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Karasin: Russia Wishes Good Ties with Georgia but Without Secessionist Regimes

By Tea Mariamidze
Friday, January 26
Russian Deputy Foreign Minister, Grigory Karasin says Russia wants to restore good-neighborly relations with Georgia. The deputy stated they do not intend to do it at the expense of the interests of breakaway Abkhazia and South Ossetia, recognized by Russia as independents states after 2008 Georgia-Russia war.

Russian diplomat made the statement in his interview with the Russian news agency Kommersant.

Karasin noted that the process of gradual recovery of Russian-Georgian relations is already underway. He said it began after ex-President of Georgia, Mikheil Saakashvili's party lost parliamentary elections in Georgia in October 2012.

“The current government of Georgia announced its desire for a dialogue with Russia and we immediately responded to this positive signal,” he stated, adding the only diplomatic format between Russia and Georgia, so called Abashidze-Karasin regular meetings, started in 2012.

However, Karasin believes there are serious political obstacles to large-scale normalization of relations between Russia and Georgia.

He added official Tbilisi does not want to recognize a new political reality that have been created since 2008, as well as to revise its demonstrative decision about the cutoff of diplomatic relations with Russia.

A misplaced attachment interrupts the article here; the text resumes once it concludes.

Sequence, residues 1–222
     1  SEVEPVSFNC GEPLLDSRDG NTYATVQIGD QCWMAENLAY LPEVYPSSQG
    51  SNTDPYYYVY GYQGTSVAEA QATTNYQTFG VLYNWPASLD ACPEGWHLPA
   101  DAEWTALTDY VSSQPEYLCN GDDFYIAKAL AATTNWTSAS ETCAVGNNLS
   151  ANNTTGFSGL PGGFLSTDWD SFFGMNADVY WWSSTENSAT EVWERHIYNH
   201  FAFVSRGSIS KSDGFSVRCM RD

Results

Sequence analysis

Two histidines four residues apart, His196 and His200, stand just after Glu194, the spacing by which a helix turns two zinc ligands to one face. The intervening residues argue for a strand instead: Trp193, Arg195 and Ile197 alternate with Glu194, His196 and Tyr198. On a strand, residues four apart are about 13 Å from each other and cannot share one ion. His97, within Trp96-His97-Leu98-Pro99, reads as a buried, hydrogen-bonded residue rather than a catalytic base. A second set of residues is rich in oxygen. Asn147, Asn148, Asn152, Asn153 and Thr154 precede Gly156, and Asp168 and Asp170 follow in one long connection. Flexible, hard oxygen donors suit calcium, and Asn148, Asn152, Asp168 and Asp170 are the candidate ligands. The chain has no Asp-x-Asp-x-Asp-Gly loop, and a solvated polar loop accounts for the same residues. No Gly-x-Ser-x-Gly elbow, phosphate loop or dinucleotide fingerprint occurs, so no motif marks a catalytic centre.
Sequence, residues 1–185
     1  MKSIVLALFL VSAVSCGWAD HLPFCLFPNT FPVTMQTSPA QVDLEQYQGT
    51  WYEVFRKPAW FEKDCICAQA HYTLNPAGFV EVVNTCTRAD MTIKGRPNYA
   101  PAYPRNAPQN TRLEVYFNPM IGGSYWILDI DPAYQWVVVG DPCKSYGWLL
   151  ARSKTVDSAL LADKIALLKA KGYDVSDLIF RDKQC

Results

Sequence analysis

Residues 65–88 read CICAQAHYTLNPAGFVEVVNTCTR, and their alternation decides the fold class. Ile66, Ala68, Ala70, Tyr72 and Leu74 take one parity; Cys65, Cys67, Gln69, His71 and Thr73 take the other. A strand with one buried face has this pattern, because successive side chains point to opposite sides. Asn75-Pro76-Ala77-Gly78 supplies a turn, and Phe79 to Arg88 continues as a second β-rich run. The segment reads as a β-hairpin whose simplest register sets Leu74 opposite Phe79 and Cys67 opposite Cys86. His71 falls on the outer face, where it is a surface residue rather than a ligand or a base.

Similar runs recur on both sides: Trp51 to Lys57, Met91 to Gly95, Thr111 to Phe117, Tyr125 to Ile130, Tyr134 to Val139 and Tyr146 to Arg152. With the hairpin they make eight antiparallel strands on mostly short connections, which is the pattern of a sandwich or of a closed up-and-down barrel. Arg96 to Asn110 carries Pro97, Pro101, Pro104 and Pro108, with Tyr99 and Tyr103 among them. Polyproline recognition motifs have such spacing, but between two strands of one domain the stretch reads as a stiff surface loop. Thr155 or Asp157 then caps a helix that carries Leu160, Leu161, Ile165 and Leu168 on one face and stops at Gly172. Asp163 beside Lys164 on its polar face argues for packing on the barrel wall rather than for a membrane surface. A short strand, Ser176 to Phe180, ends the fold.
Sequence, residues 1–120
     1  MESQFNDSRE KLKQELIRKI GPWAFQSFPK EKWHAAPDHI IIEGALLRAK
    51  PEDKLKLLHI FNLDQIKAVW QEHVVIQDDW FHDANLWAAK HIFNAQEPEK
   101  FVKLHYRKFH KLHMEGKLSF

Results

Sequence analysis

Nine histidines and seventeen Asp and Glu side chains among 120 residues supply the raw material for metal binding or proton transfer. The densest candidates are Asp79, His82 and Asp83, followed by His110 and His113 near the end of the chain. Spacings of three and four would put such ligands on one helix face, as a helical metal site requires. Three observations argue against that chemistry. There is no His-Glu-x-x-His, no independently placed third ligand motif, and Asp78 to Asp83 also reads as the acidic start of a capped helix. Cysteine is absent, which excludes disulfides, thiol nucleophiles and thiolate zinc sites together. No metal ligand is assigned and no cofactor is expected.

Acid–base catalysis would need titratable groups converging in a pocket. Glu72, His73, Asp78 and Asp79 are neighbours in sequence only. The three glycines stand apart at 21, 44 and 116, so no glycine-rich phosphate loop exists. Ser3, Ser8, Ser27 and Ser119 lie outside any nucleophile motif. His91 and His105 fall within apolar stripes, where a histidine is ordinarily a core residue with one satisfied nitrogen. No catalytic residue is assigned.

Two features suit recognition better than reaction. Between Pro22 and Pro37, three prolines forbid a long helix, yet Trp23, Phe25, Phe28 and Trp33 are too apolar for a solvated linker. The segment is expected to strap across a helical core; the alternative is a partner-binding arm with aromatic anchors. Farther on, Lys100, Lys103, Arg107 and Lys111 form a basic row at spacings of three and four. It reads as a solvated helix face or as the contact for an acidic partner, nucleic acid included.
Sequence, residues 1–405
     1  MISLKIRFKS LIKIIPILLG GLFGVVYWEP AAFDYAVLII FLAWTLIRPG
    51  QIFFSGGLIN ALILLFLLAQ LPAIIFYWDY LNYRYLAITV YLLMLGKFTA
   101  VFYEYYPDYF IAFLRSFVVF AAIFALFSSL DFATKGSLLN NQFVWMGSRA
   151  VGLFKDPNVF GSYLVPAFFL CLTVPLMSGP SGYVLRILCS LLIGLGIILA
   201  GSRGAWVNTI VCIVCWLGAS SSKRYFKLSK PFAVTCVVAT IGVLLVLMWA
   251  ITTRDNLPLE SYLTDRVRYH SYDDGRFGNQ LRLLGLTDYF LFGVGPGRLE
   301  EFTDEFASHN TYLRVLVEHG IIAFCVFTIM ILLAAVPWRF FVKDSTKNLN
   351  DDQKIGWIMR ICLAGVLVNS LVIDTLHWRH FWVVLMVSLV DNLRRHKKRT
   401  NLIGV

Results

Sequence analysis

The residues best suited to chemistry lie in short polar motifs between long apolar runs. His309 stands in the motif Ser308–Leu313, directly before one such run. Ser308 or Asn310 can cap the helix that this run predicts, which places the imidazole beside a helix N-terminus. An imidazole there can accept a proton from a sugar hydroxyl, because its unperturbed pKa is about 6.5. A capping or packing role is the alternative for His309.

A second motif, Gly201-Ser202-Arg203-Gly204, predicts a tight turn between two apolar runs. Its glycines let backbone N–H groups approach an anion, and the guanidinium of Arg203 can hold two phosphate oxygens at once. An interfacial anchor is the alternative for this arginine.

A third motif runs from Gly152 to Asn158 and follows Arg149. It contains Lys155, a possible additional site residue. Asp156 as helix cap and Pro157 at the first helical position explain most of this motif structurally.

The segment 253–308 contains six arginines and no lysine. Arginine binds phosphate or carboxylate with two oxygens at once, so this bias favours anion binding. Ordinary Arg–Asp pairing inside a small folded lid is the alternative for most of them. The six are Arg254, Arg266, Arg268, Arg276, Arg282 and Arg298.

“In order to restore diplomatic ties with Russia Georgia has one condition – They want us to reverse recognition of Abkhazia and South Ossetia. This won’t do. We have made the final decision over the issue,” he claimed.

As for the issue of visa regime with Georgia, Karasin stated that Russia is not going to abolish visas for Georgian citizens yet, but did not exclude this might happen one day.

Karasin explained that Georgia lifted visa-requirements not only for Russian citizens but hundreds of other states, adding this is a step forward to attract more foreign tourists.

“When talking about visa-free regime, we should think about the security issues. We are fighting terrorism and extremism and we should take maximum measures of security,” he added.

After Georgia cut diplomatic ties with Russia in 2008, the first meeting between Karasin and Georgian Envoy Zurab Abashidze took place in Geneva on December 14, 2012.

Since 2013, the meetings have been held in Prague. The meetings constitute a direct dialogue between the two countries’ officials following the 2008 Russian-Georgian war.